The Bible is myth. Let me explain.
The word “myth” has several different connotations in the current expression of the English language. The most common popular usage of the word connotes falsehood. You might say something like, “It’s a myth that the Cincinnati Reds have a good bullpen.” That means it’s not true. This usage of the word evolved because most classic myths were deemed less than historical. Most myths are fantastical stories. Because us modern people deem them impossible to have literally happened, they are false. In the modern world truth equals fact. In the pre-modern world, and increasingly in the post-modern world, truth equals worthiness. Truth may or may not be factual/historical.
Here’s a common dictionary definition for the word myth:
“A traditional or recurrent narrative theme or plot structure; a set of beliefs or assumptions about something, with or without a determinable basis of fact or a natural explanation.”
In short, myths are the stories that we believe to be true (factual and/or worthy) which shape us into the people we are. By this working definition, the Bible is clearly myth. It is a collection of stories that shape all of us who follow Jesus. Growing up as an evangelical, we would never call the Bible myth for fear that it would connote falsehood. The Bible is simply too foundational, worthy and meaningful to not be myth.
So is it factual? Historical? Good questions. The first thing to note is that it purports to be—sometimes. Not all the time. To confuse the matter, sometimes it isn’t entirely clear when it does and doesn’t purport to be historical.
I understand why this is important to many people. We are modernized to not trust stories that aren’t historical. We say they aren’t “real.” We value history over myth, forgetting that all history gets mythologized over time. George Washington didn’t cut down a cherry tree, but that doesn’t mean he wasn’t honest. Frodo and Gandalf never existed, but that doesn’t mean that the lure of the one ring isn’t real.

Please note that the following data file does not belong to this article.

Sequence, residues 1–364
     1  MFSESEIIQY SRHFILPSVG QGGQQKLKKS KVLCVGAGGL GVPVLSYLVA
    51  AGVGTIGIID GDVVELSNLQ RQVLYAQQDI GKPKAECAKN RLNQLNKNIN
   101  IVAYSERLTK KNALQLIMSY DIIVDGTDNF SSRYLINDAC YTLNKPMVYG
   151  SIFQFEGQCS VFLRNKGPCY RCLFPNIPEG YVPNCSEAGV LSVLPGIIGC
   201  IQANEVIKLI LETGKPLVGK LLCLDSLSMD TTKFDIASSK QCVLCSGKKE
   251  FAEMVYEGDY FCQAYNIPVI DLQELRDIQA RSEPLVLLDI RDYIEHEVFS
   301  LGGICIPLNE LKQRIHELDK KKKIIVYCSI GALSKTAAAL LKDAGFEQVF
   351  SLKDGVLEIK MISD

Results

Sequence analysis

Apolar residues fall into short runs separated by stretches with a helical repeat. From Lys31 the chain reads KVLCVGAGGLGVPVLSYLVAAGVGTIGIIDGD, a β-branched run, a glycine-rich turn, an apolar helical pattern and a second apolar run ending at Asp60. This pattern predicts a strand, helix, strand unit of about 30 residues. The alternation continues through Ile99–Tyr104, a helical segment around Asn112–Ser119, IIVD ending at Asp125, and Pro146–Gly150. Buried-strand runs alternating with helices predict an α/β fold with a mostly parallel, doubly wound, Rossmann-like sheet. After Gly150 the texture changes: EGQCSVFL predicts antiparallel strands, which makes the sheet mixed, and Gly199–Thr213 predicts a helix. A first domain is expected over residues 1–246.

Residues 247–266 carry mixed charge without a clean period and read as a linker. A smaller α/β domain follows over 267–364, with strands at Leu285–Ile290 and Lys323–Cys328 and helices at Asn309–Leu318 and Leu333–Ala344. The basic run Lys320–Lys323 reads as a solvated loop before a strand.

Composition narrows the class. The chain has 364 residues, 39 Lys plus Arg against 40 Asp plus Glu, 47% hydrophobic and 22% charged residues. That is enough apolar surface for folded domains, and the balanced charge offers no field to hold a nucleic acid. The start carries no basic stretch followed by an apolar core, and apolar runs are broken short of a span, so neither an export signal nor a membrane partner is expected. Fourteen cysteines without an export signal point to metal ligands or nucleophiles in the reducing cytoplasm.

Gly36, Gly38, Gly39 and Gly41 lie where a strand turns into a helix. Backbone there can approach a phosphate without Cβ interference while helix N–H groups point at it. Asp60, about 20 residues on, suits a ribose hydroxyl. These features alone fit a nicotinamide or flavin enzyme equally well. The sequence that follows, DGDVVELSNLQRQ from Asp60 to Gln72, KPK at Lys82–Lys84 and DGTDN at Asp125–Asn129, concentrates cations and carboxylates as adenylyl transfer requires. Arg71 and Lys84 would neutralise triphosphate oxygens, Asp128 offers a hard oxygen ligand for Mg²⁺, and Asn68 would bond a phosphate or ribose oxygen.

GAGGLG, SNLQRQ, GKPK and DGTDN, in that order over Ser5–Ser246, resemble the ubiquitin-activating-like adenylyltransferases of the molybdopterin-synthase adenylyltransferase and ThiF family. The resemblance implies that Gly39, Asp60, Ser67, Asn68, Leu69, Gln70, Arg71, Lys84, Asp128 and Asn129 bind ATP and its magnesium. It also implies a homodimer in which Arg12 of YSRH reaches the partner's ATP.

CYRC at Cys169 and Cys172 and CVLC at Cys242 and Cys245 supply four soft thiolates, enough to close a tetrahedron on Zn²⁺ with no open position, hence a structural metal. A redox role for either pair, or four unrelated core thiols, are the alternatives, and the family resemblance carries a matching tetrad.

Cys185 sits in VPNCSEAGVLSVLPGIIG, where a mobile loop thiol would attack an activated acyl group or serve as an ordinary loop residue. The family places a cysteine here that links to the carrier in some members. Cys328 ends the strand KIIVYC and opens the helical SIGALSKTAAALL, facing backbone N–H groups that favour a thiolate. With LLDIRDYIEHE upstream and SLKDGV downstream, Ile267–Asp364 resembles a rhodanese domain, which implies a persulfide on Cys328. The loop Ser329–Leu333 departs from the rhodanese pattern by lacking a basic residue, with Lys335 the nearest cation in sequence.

On the flip side, Rosa Parks actually refused to get off of a bus. Abraham Lincoln gave the Gettysburg Address. Rudy really got into the game. More myths that made us who we are—all historically accurate. All true, just as true as the apple tree and Middle Earth—no more, no less.
I’d like to propose that a Narrative Christianity leads with myth. Let’s start with believing that all of our stories are true (worthy), whether or not they happened. Let’s have goodhearted sparring matches if we want as to whether stories like the Tower of Babel, Daniel, Jonah and Lazarus are historical/factual or not. That’s fine—maybe even fun at times, but let us begin these debates having agreed that these are our stories full of truth.
As for me, I will just say this. I don’t think, historically speaking, that a snake struck up a conversation with a naked woman in front of a magic tree. I used to. That story meant very little to me when I believed (or tried to force myself to believe) that it was history. Now that I’ve let it be myth regardless of its historicity, it’s full of truth. I’m that woman. I’m the man beside her. And, horror upon horror, I’m that snake more than I’d like to admit. I’ve been banished from Paradise. I’m on a journey to get back. That fruit was forbidden, but the taste ever lingers. That other magic tree is the one I really want to taste. The one that lets you live forever. That’s what we really want. And I strongly believe that only the totality our myths will lead us back to it.
Photo (Flickr CC) by Jan Smith